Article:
Biological engineer Angela Belcher is genetically modifying viruses to create batteries that can be recharged thousands of times and then decay harmlessly
Katia Moskvitch: You're making batteries using viruses—don't they normally make us sick?
Angela Belcher: When people think of viruses, the flu often comes to mind. But there are also viruses everywhere, from in the ocean to inside the gut, that infect bacteria. Those are not harmful to humans. Viruses are basically genetic material with a protein coat. They need a host so they can use its molecular machinery to make copies of themselves.
The main virus I work with has a single strand of DNA in a protein coat and it is completely benign. It only infects a particular bacterial host—and doesn't kill it, just slows it down as it uses the host to replicate itself.
KM: How did the idea to use viruses to grow materials for batteries first occur to you?
AB: I was inspired by how the abalone marine snail makes its hard shell using minimal organic material. It uses proteins to guide the incremental development of calcium carbonate in a geometric pattern. That gave me the idea to try to use biology to work with more than just the usual materials. A virus is a beautiful example of self-assembly of an ordered protein structure, and it's also easy to manipulate genetically.
KM: Why do we need new types of batteries?
AB: Most of us use rechargeable batteries in our everyday lives—in cellphones, computers, hybrid cars and more. The main type on the market are lithium-ion batteries, which require highly reactive compounds to manufacture and take an environmental toll.
As we try to increase the amount of energy that can be stored and make batteries rechargeable for more cycles, not just any material will do: we need ones that are more abundant and more environmentally friendly. As you know, you can't just throw a traditional battery away because many of the materials currently used, including cadmium and lead, can be toxic to the environment. That's why we are focusing on rechargeable bio-batteries.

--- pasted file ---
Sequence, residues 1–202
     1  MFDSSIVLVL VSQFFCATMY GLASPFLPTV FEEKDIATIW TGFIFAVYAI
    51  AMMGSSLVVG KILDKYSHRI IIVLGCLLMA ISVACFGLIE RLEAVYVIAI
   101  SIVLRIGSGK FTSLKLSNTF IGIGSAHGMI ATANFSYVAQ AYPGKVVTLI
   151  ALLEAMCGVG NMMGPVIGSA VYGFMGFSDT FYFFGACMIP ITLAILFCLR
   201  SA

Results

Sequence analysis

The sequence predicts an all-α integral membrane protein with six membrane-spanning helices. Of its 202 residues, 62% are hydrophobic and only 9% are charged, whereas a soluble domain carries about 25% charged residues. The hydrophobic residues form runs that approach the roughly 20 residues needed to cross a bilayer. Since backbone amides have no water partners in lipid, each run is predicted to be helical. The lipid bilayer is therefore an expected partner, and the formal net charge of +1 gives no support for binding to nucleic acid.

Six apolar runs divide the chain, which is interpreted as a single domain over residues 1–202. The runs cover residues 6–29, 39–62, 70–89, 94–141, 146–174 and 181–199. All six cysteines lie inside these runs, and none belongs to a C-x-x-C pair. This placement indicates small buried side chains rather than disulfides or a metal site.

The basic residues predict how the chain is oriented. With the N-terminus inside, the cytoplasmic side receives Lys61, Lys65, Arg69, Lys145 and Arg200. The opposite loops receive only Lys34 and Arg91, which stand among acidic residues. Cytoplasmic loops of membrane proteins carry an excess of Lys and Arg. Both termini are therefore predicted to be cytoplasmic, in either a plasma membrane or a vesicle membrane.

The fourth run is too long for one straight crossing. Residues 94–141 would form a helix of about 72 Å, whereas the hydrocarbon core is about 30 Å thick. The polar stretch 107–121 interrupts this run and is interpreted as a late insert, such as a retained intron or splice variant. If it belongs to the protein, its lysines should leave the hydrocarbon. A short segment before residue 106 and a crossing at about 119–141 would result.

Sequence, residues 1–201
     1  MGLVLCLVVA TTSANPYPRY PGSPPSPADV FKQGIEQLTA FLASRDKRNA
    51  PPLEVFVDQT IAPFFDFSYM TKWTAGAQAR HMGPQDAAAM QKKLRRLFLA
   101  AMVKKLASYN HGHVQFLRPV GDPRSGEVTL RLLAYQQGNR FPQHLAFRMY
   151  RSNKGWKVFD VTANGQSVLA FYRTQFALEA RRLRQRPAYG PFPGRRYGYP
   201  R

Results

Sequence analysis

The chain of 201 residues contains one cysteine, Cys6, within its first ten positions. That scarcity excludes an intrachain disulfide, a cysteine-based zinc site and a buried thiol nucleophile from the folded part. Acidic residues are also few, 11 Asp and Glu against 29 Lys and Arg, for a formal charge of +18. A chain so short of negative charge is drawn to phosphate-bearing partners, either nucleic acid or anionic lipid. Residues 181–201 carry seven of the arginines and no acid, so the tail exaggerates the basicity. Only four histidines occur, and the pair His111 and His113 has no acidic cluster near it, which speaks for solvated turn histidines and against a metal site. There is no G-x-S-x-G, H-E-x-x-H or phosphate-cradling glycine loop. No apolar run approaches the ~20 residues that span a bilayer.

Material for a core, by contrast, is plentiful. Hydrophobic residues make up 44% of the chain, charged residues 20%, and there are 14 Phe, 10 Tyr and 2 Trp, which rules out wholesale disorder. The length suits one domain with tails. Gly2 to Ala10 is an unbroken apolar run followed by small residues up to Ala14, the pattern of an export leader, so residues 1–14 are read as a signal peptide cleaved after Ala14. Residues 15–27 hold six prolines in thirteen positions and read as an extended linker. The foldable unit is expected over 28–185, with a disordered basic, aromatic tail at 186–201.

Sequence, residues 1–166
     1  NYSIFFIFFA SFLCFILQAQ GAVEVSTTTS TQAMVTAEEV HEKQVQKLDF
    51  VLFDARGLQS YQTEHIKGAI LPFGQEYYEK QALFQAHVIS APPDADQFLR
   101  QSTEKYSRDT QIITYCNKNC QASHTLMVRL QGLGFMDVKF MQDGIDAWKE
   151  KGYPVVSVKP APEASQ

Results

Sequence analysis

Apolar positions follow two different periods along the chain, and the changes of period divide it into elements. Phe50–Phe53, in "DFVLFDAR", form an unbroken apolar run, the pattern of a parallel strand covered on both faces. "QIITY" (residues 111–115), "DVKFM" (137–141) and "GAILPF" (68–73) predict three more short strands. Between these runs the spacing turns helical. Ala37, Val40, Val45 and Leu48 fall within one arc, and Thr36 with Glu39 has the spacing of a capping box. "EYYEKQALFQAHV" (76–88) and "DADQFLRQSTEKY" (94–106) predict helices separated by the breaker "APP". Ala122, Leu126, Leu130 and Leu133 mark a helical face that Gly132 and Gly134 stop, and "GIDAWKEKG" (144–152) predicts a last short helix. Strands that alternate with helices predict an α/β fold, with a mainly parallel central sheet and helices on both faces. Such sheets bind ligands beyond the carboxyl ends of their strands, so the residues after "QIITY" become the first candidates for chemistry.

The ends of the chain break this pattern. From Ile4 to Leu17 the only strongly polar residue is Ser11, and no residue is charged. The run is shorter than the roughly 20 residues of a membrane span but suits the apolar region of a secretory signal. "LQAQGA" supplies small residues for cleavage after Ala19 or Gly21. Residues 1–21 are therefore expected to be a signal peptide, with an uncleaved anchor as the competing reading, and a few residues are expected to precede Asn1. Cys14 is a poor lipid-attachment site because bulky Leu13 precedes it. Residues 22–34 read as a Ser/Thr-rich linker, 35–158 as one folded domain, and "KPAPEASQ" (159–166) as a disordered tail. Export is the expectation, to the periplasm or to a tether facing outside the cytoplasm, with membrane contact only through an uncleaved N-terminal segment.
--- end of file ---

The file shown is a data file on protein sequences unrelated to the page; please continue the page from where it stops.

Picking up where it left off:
KM: How do you actually make these bio-batteries?
AB: To test if it would be possible to use a virus to grow materials for electrodes, I started with a tiny virus called the M13 bacteriophage, which has a long, tubular shape.
By inserting a specific gene, we spurred the virus to produce a protein coat that binds with compounds such as cobalt oxides and iron phosphates. The virus is long and tubular, so we were able to grow nanowires with these compounds, which we used in an electrode for a prototype lithium-ion bio-battery.
KM: Once you proved it was possible, how did you improve on these bio-batteries?
AB: We improved the power performance of electrodes made from iron phosphate nanowires by finding a genetic sequence for a virus that favourably binds to carbon nanotubes (CNTs), which are highly conducting. To do this, we started with a billion different viruses and forced them to interact chemically with the CNTs – simply by mixing them in a test tube.
KM:How did you narrow it down from a billion?
AB: We selected the viruses that attached to CNTs, maybe a thousand of them, and washed the rest away. We then isolated those viruses and made copies of them by putting them into a bacterial host through infection—the normal virus-bacteria interaction. Next, we repeated the CNT-binding process with our selected viruses and chose the ones that bonded best to the CNTs.
KM: What distinguished the most useful virus?